Search for boy’s remains comes up empty
NEW YORK – The search for remains of Etan Patz, the 6-year-old boy whose disappearance from a Manhattan street 33 years ago put the plight of missing and abducted children under a national spotlight, ended Monday with his fate still unresolved.
“There was no obvious sign of human remains found at this location,” the New York Police Department spokesman, Paul Browne, said as FBI agents and police dismantled the metal barricades blocking people from a stretch of Prince Street in SoHo, where Etan was last seen on May 25, 1979, as he walked to his school bus stop.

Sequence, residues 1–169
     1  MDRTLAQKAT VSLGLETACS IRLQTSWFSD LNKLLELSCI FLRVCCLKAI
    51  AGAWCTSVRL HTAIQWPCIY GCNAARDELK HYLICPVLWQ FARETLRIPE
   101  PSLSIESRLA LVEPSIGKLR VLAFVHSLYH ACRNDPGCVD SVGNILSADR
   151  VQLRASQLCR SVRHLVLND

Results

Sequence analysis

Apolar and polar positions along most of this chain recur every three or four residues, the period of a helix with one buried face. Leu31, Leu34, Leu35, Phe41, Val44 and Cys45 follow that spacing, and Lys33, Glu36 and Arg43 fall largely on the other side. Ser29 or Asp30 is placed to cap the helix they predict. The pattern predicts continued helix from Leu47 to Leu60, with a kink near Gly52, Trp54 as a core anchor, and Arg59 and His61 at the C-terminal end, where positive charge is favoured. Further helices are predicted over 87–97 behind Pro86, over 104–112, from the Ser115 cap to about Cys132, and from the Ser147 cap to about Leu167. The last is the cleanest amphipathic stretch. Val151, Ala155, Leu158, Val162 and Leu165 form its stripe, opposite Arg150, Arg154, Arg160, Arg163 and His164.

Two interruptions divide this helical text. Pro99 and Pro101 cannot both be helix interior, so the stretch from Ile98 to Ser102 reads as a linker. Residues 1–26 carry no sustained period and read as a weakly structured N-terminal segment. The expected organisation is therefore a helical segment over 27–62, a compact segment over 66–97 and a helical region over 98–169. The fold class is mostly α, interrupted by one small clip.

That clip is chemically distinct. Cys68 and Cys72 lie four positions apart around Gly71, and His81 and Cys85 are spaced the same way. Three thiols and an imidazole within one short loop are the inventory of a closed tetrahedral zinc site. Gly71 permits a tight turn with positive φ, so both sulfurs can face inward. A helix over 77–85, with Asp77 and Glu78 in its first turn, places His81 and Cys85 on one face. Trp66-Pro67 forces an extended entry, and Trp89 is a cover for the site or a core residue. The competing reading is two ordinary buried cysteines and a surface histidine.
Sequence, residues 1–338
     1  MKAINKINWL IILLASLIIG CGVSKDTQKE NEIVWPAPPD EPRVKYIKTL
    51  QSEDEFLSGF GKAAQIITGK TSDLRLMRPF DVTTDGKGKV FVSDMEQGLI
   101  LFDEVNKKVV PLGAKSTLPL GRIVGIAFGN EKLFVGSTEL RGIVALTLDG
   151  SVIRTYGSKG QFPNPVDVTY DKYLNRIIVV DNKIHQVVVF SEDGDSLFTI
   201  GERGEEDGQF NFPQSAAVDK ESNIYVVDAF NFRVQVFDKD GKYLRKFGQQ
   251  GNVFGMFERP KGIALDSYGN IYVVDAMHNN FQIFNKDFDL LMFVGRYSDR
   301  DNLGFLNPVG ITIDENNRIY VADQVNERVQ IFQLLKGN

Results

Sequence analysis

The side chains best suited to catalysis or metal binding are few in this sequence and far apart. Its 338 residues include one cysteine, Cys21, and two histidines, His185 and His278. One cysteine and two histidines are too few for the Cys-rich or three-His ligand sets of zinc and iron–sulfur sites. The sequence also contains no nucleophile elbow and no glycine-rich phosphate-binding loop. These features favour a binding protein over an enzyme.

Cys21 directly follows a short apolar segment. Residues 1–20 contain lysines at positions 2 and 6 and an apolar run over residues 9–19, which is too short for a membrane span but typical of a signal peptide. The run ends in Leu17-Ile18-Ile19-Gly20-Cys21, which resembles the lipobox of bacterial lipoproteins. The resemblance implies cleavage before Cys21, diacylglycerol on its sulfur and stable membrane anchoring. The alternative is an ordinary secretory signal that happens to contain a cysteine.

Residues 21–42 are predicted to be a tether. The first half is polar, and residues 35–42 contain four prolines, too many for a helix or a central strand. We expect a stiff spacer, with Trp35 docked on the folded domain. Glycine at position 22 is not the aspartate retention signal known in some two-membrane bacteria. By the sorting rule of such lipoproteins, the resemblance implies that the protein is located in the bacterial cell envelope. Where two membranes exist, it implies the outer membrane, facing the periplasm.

Some rubble from a basement dug up by investigators, including the concrete floor and a dark stain that initially tested negative for human blood, will be tested further. Browne said the investigation remains open.
But the failure of the dig to yield any solid evidence seemed to leave investigators and Etan’s parents, Stan and Julie Patz, no closer to learning who was responsible for the boy’s disappearance despite new attention on a handyman who had a workshop in the basement that was just excavated.
FBI agents have spoken to the man, Othniel Miller, who is now 75 and lives in Brooklyn. He was never called a suspect, and his attorney, Michael Farkas, on Monday said his client’s name had been “dragged through the mud” in recent days by the media frenzy surrounding the latest search.